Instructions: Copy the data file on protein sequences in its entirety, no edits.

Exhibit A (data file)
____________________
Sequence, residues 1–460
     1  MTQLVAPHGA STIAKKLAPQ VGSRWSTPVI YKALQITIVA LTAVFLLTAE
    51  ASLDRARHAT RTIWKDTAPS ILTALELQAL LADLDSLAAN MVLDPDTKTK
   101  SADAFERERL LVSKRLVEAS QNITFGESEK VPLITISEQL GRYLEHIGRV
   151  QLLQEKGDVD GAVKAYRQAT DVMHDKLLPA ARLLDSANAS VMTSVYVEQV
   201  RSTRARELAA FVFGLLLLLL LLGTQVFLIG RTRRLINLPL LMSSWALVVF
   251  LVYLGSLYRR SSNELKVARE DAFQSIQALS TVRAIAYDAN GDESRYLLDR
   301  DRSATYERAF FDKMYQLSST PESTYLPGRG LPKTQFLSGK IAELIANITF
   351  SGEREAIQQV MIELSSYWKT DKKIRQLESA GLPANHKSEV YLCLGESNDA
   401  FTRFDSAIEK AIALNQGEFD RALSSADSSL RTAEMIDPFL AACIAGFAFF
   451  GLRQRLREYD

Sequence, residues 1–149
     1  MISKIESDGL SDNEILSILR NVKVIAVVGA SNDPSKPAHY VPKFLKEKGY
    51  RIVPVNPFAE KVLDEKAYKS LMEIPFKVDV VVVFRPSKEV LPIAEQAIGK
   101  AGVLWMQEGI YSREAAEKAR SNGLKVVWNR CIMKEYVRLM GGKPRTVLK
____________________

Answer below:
Sequence, residues 1–460
     1  MTQLVAPHGA STIAKKLAPQ VGSRWSTPVI YKALQITIVA LTAVFLLTAE
    51  ASLDRARHAT RTIWKDTAPS ILTALELQAL LADLDSLAAN MVLDPDTKTK
   101  SADAFERERL LVSKRLVEAS QNITFGESEK VPLITISEQL GRYLEHIGRV
   151  QLLQEKGDVD GAVKAYRQAT DVMHDKLLPA ARLLDSANAS VMTSVYVEQV
   201  RSTRARELAA FVFGLLLLLL LLGTQVFLIG RTRRLINLPL LMSSWALVVF
   251  LVYLGSLYRR SSNELKVARE DAFQSIQALS TVRAIAYDAN GDESRYLLDR
   301  DRSATYERAF FDKMYQLSST PESTYLPGRG LPKTQFLSGK IAELIANITF
   351  SGEREAIQQV MIELSSYWKT DKKIRQLESA GLPANHKSEV YLCLGESNDA
   401  FTRFDSAIEK AIALNQGEFD RALSSADSSL RTAEMIDPFL AACIAGFAFF
   451  GLRQRLREYD

Sequence, residues 1–149
     1  MISKIESDGL SDNEILSILR NVKVIAVVGA SNDPSKPAHY VPKFLKEKGY
    51  RIVPVNPFAE KVLDEKAYKS LMEIPFKVDV VVVFRPSKEV LPIAEQAIGK
   101  AGVLWMQEGI YSREAAEKAR SNGLKVVWNR CIMKEYVRLM GGKPRTVLK